Ethics for Physiotherapists

Too much of a good thing?

Mrs. Smith is a retired 62 year old widow with 3 children who live out of the city. You are a physiotherapist working at a private practice. Mrs. Smith and you have a lot in common – your mom and Mrs. Smith were nurses at the same hospital for years. Mrs. Smith hurt her back in an MVA 2 years ago. She was covered by MPIC for the maximum number of treatments and has continued to attend on her own. She made good progress with therapy and has been able to resume all previous activities, however, every time you broach the subject of discharge, she reports that if she doesn’t come in for a regular “tune up” and to “catch up” with you, she “just doesn’t feel as good”. The problem is that your clinical exam is essentially normal. You believe she isn’t doing her exercises because doesn’t demonstrate them well. You’ve explained to her that it is normal to have intermittent low back pain and that these types of episodes usually spontaneously resolve. But Mrs. Smith says she always feels better for weeks after she sees you for treatment. From a biomedical perspective, you don’t think that your physical treatment is changing anything, yet Mrs. Smith insists on booking her regular tune-ups. How do you deal with this?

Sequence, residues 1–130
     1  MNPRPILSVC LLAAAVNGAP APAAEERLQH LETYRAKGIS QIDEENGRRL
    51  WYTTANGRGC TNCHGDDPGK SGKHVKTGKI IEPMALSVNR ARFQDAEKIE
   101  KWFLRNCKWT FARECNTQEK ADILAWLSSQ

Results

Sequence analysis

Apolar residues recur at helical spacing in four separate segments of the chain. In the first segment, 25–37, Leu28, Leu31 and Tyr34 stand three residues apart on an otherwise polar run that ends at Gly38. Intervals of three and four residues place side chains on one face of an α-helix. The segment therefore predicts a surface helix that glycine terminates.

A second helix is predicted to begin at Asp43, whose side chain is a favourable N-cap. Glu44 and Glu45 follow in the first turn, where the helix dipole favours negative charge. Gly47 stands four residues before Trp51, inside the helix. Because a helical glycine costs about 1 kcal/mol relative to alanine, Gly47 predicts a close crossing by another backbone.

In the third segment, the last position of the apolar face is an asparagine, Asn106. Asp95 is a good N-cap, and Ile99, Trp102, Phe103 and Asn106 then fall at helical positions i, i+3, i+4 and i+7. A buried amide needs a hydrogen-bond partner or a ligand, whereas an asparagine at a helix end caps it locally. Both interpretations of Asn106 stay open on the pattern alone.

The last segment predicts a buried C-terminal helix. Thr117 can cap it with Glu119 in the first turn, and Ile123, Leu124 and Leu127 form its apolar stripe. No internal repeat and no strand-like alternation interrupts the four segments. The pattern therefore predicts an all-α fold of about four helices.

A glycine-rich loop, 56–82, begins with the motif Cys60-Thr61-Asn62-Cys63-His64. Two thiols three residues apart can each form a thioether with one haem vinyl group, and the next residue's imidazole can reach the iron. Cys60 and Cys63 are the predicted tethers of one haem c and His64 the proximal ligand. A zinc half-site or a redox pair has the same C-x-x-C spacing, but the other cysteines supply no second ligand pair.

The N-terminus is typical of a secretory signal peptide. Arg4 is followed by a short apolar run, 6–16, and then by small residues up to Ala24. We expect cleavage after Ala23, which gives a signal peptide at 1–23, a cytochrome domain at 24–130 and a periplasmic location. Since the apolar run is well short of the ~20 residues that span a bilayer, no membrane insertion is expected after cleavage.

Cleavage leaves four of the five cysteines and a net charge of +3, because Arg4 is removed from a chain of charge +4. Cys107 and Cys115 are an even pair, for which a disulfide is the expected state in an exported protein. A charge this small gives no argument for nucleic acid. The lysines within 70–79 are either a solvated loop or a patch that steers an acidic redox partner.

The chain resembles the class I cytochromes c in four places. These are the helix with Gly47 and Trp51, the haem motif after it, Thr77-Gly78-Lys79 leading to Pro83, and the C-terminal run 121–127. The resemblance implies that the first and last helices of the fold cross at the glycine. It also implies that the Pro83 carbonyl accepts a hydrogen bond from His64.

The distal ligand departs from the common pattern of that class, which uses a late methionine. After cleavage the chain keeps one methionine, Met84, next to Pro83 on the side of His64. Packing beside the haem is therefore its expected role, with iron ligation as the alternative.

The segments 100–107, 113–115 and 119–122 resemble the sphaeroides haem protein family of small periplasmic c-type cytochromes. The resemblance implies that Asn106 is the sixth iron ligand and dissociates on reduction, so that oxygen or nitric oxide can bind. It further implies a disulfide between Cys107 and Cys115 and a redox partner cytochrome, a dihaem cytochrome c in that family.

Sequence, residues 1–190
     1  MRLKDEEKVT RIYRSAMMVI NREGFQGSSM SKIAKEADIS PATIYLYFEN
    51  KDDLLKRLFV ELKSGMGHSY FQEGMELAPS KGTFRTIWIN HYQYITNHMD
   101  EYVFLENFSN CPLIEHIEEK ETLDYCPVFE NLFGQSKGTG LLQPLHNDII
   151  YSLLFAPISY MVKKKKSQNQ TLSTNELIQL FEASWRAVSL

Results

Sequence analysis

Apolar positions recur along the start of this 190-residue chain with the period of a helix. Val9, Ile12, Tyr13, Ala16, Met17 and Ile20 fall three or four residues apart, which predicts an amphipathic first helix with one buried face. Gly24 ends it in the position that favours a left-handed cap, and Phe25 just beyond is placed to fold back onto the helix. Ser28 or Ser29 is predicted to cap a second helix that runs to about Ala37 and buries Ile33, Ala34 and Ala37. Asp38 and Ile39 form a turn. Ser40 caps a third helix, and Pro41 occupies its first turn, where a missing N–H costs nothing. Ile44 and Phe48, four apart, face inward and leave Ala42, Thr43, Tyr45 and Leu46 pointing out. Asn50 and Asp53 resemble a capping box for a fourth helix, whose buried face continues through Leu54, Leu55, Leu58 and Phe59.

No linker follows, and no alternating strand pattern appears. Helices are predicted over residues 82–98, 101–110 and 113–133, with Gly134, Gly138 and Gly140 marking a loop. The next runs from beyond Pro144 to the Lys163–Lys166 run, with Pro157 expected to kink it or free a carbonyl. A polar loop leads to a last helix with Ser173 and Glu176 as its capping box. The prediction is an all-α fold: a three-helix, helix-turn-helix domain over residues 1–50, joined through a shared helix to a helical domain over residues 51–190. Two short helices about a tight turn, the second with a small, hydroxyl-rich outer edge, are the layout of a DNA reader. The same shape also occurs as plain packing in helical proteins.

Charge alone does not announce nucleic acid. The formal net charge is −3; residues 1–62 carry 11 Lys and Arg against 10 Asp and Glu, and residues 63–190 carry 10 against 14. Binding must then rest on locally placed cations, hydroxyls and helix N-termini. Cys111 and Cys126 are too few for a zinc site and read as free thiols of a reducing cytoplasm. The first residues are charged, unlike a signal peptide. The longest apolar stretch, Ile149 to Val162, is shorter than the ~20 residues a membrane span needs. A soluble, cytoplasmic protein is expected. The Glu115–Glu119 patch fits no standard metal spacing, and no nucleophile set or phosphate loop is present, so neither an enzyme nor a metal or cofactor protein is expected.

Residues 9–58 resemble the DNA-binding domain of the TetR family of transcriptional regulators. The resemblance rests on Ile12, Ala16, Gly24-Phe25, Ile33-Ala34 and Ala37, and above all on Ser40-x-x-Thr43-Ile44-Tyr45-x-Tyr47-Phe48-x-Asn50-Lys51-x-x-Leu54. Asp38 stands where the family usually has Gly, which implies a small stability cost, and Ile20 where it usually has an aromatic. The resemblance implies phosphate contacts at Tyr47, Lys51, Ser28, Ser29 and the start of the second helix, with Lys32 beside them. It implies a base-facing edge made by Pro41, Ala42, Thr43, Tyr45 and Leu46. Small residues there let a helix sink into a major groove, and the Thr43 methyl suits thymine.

This case study was published in CPM’s In-Touch newsletter June 2019